Windfarm support company Wildcat Marine has taken delivery of the first 17-metre Blyth Workcat.
The new boat was handed-over in Southampton, UK, and is now based in Barrow in Furness from where it is currently providing support services for the Walney Wind Farm. The new boat, “Wildcat 3”, is the largest catamaran ever built by Blyth Workcats and the company is confident that it will introduce a new standard of performance and economy for the wind farm support industry.
The new 17-metre boat is the third Blyth Workcat to be owned by Wildcat Marine. The company began supporting wind farm operators in 2008 with an 11-metre Blyth Workcat. This was followed by a 14-metre Workcat and the company is now confident that the new 17-metre will surpass the performance and economy of its predecessors.
“These boats are very capable,” said Rob Benson, co-owner of Wildcat Marine. “The new 17-metre is still proving itself but from what we have seen so far I believe that we have acquired an exceptional boat in its class. It is always a gamble being the first buyer of a new boat, especially as it is a completely different design to the other models but I think we have chosen a winner,” he said. “It is the fuel economy of the Blyth 17-metre that is a major plus,” said Rob Benson. “At its cruising speed of 20 knots it uses very little fuel. It is also so smooth and quiet that it is better than we could have ever expected.”
The boat is powered by two MAN D2848, 750hp engines and the fuel consumption predictions made by the manufacturer have now been confirmed at 130 litres per hour per engine at maximum speed of 26+ knots and 75 litres per hour at cruising speed of 20 knots. This will be seen as a major operating cost benefit by clients especially when combined with its ability to carry 12 passengers and two crew in comfort along with six tonnes of cargo to offshore work locations at a cruising speed of over 20 knots.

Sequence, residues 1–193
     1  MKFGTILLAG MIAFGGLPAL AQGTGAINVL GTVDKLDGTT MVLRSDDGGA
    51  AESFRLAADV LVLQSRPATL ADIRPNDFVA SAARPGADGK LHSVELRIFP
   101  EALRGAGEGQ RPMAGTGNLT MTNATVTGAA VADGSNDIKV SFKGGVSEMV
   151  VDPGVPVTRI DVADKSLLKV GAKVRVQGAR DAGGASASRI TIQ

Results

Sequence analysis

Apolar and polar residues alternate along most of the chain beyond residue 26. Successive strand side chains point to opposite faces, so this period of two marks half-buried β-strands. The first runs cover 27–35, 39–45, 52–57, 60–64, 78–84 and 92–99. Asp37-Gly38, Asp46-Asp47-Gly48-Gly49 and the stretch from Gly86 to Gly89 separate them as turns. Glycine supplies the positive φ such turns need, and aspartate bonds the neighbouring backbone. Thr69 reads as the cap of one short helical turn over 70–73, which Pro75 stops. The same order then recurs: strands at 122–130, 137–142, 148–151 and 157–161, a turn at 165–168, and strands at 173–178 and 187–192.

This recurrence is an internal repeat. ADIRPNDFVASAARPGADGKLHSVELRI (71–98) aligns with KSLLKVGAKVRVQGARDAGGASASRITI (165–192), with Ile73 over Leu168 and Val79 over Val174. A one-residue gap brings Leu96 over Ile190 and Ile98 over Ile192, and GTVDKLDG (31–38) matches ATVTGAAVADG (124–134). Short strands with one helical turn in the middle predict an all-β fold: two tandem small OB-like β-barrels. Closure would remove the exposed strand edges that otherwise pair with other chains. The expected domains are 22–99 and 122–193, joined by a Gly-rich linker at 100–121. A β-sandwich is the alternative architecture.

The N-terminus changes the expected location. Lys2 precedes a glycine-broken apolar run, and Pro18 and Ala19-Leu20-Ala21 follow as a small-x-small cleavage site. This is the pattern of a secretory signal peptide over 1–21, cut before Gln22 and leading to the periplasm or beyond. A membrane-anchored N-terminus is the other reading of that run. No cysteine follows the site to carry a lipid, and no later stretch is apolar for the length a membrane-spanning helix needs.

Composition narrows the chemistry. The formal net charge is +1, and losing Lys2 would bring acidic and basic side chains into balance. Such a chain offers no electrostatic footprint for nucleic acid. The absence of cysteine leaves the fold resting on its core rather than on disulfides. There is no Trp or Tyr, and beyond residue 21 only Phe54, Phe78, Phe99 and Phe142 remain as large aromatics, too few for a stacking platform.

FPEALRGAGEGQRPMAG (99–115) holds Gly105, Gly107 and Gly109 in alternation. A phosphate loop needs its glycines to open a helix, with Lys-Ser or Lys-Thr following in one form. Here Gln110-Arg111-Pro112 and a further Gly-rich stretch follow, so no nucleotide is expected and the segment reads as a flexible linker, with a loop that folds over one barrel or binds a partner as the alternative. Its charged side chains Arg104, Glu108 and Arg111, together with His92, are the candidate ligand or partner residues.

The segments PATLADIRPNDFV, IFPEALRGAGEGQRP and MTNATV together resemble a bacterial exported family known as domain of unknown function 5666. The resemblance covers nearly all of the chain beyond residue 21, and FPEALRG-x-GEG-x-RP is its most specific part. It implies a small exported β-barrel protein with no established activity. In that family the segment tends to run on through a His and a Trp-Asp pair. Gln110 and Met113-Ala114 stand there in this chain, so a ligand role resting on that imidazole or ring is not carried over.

“Wildcat 3” also incorporates a number of design modifications specified by Wildcat Marine that are aimed to increase its efficiency as a wind farm support vessel. These include bow thrusters for increased manoeuvrability and helm stations on either side of the main deck and close to the rescue zone. “These make berthing easier by giving the skipper exceptional visibility while enabling him to provide more support for the deck crew.” explained Rob Benson. “The only way this boat could have been better would have been if it had been free,” he joked in conclusion.
Blyth Workcats have been built at the company’s yard on Canvey Island, Essex, UK, for nearly 30 years. The new Blyth 17-metre joins a range consisting of 10, 11, 12 and 14-metre catamarans that are built for wind farm support, surveying, dive support, passenger ferry, fishing charter or any of a wide range of workboat tasks. All Workcats are built from GRP using the single mould principle under meticulous quality control. Besides being less costly than metal hulls, the GRP construction also enables boats to be built with additional strength where it is needed while valuable weight savings can be made in other areas wherever the design permits it.